Universal Pictures

Universal Pictures

Hello, class. In our recent How To’s we’ve discussed following a movie, whether that was with one movie or more, or even a movie that follows a movie but actually tells a story that occurred before the original movie.

Sometimes however the sequel well runs dry. It is either tapped out or was dry to begin with. But there’s still money to be made from familiarity. Originality is scary, uncharted territory but making something that has the same name as something else? That’s basic bread and butter stuff.

So, today, we’re talking remakes. Now before you all recoil in disgust remember that a remake can be a good thing.

For example, Scarface. The original Scarface was made in 1932 by Howard Hawks and is basically a movie about Al Capone with the names altered. When the movie was remade in 1983 the setting and time period was drastically changed, and  Scarface 1932’s scenes of implied violence were replaced with intensely violent chainsaw tortures, nudity, and heavy, heavy drug use. Both films are similar and very different at the same time. They each follow the same basic plot beats but Scarface 1983 is not hemmed in by the Hays Code so it can show crime as something less about people being shot in silhouette and more about Robert Loggia getting shot in the stomach. It is effective because each movie can stand by itself and has something to say (1932: Don’t let gangsters take over/1983: The ’80s were crazy) and your enjoyment of each is not reliant on having seen both.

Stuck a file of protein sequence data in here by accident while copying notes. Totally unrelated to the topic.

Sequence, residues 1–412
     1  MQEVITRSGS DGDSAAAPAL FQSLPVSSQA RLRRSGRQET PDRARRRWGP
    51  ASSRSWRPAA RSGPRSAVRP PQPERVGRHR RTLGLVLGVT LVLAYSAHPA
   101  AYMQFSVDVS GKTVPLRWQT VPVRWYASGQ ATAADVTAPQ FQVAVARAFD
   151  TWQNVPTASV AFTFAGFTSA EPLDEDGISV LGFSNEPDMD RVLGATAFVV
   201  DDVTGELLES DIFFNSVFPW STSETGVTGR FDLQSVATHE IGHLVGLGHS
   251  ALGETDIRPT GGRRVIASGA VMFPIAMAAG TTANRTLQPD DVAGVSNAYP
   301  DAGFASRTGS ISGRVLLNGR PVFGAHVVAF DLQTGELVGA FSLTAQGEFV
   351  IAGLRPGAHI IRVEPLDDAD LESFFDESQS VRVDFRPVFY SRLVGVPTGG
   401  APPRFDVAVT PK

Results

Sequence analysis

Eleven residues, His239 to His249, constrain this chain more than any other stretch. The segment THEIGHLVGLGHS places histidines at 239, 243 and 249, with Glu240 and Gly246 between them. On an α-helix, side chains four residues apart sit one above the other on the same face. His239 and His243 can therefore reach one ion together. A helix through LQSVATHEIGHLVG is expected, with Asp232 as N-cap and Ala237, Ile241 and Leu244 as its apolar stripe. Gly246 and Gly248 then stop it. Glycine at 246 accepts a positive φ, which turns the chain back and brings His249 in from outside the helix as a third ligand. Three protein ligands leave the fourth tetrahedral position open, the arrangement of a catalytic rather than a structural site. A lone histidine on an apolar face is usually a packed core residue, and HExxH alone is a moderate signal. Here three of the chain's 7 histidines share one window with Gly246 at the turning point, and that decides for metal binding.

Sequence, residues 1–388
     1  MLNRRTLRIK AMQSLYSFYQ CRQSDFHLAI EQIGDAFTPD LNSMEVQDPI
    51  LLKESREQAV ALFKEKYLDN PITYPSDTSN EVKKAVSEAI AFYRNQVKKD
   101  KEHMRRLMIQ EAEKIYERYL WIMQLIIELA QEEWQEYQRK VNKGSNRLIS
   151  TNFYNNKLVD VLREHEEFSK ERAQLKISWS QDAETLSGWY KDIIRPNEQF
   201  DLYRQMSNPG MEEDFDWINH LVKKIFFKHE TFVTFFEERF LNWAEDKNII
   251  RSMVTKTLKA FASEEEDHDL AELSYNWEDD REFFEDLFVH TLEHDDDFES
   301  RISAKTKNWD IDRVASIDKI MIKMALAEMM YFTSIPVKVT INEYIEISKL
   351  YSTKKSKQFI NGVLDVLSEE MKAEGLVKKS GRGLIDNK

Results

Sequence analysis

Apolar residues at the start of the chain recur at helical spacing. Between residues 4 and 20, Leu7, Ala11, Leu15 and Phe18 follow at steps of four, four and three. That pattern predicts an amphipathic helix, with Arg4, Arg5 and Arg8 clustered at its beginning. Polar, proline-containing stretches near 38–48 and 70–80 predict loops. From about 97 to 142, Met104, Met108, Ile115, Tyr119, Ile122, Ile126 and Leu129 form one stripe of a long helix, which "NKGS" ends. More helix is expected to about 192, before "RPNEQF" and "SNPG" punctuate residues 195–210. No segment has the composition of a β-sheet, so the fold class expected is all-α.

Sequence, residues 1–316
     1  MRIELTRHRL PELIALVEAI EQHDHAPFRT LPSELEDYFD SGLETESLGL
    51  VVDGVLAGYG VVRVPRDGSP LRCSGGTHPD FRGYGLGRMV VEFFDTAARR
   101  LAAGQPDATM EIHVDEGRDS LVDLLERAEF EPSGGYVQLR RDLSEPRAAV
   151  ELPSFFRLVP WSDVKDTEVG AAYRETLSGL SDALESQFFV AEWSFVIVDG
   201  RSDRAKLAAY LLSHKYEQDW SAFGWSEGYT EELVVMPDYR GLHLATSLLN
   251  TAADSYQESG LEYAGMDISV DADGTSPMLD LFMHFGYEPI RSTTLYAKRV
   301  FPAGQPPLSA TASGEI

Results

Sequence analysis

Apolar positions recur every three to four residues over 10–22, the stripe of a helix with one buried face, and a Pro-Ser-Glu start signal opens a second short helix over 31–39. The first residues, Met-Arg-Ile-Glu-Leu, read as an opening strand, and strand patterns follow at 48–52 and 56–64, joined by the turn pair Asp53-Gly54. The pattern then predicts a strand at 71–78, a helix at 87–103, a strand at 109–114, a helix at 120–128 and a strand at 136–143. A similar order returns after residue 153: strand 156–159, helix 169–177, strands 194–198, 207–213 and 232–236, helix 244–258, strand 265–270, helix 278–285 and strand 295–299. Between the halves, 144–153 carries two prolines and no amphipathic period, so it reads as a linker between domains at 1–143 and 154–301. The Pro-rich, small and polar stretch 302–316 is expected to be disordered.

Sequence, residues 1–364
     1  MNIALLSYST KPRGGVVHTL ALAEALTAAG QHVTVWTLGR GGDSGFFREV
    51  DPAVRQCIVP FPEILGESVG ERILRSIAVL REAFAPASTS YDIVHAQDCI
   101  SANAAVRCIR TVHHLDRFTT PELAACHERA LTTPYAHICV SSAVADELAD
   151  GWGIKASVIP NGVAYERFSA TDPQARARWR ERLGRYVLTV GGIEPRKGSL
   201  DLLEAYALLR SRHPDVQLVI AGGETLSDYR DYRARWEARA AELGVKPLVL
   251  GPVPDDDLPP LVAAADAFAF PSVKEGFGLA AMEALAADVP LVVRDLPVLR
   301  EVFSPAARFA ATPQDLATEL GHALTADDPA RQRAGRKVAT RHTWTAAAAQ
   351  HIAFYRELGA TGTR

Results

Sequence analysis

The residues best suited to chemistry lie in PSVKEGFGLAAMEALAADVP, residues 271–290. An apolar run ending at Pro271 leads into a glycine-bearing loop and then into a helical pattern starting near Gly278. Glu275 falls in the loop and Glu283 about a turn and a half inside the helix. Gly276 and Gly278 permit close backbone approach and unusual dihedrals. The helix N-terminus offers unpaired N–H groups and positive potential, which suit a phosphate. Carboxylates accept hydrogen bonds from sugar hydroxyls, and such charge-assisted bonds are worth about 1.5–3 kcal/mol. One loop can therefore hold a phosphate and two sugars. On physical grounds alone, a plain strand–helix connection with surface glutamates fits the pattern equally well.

Horror  films are the ripest fruit for a remake. They are usually pretty simple stories and fear is the universal constant. And yet they are usually rubbish. Nightmare on Elm Street, Friday the 13th, Halloween, and Texas Chainsaw Massacre have all been remade with varying degrees of failure, and will probably all be remade again. Modern versions of these classics fail for a variety of reasons: the bad guys have become such cultural touchstones that they aren’t frightening anymore, they try too hard to give the monsters a tragic back story, they aren’t gory enough for modern audiences, they are too slickly made–losing the lo-fi charm of the originals, they are made by hacks, and the very concept of a slasher movie has been dissected, parodied, and improved upon, making them relics. When it comes to horror movies, fresh is best. The reason Saw, It Follows, Blair Witch Project, and the original versions of the above slasher movies were so popular with audiences was because they were something new and scary.

The difference between these horror remakes and a movie like Scarface is that even though there are a lot of similarities between Scarface ’32  and Scarface ‘83, they are also vastly different. Like two  different countries with only a planet in common. The trick to a remake is not to make you long to be watching the original, but to be like a good cover song. Same notes, different instruments, two great songs.

Next week we will be talking about reboots, the remake’s occasionally charming sibling.